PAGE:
Many students keep a generous supply of pencils, erasers, markers, crayons, a pair of scissors, paint set, ruler, etc. in their desk, with encouragement and regular opportunities to keep his/her personal space neat and items easily found.  However, this classroom is community minded, meaning that any overflow, lost and/or found, or unmanageable materials be in a centrally located bin and are shared for everyone's use.  It is therefore not necessary to mark classroom materials with your child's name.  Glue sticks and bottled glue is better managed in classroom tubs where is can be monitored and maintained.




  • Snack

    Since we have a late lunch and the morning is long, we will have a daily snack at 11:00 AM.

    Please send a healthy snack each day, and discuss with them which item is specifically for snack so that there is no confusion about lunch items.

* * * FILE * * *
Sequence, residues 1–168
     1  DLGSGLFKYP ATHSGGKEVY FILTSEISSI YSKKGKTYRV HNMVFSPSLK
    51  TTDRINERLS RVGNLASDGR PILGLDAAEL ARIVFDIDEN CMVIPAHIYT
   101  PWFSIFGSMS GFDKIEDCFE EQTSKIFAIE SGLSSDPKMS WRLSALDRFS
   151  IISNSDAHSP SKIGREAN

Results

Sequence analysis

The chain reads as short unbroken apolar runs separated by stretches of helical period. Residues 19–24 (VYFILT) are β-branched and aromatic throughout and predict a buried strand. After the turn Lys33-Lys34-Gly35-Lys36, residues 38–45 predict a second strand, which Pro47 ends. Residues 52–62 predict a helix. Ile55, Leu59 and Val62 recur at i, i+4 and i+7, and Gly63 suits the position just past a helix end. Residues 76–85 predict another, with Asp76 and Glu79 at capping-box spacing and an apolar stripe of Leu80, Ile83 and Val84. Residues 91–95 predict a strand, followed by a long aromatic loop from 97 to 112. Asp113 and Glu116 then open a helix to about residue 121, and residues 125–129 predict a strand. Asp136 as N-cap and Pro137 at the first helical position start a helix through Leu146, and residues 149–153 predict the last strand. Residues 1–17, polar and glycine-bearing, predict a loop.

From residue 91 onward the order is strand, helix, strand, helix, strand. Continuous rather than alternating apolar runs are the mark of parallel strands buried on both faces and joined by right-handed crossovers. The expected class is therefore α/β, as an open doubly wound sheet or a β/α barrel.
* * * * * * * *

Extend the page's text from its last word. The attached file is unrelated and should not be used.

This is also a good time for us to discuss healthy foods.

    Of course there are exceptions; class parties, birthdays, etc.,

    but generally we do not eat sweets during this time.

    Cold Lunch

    Your child will have a special place to store their cold lunch.

    I do NOT have a microwave for student use.  

    Students have only a few minutes for lunch and there is not enough time to cook and cool before eating.  

    On occasion the microwave may be used just a warm-up only.

    I would prefer that NO SODA or ENERGY DRINKS come to school.  

    Also, please limited candy.

    Breakfast and Hot Lunches

    Breakfast is $2.00 and served to students at 9:00 AM.  Since we have a late lunch and the morning is long, we will have a daily snack at 11:00.  I do not provide snacks.  PLEASE SEND A HEALTHY SNACK EACH DAY, and discuss with them which item is for their snack so they don't eat it as part of their lunch.